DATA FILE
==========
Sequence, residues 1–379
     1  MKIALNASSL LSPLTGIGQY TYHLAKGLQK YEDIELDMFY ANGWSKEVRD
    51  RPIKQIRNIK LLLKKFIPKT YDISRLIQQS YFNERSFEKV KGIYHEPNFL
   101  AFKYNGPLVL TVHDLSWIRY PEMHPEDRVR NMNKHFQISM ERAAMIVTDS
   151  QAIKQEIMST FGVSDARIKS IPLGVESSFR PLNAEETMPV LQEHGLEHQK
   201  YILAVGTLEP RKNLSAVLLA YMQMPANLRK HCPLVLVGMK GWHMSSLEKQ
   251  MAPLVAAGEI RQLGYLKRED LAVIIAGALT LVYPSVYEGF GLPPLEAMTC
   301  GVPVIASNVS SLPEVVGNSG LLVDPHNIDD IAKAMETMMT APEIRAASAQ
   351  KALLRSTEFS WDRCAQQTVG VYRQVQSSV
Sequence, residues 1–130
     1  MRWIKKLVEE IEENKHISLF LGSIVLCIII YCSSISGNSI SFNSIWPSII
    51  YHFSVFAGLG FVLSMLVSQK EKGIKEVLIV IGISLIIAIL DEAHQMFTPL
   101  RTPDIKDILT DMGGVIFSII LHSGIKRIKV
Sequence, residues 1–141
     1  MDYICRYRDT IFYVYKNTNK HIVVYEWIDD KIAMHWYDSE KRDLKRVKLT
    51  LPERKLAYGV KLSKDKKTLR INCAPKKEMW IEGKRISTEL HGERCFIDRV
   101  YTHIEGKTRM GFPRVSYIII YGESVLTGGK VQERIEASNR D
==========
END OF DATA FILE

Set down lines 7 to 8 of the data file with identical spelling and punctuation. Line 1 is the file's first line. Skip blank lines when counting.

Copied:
   251  MAPLVAAGEI RQLGYLKRED LAVIIAGALT LVYPSVYEGF GLPPLEAMTC
   301  GVPVIASNVS SLPEVVGNSG LLVDPHNIDD IAKAMETMMT APEIRAASAQ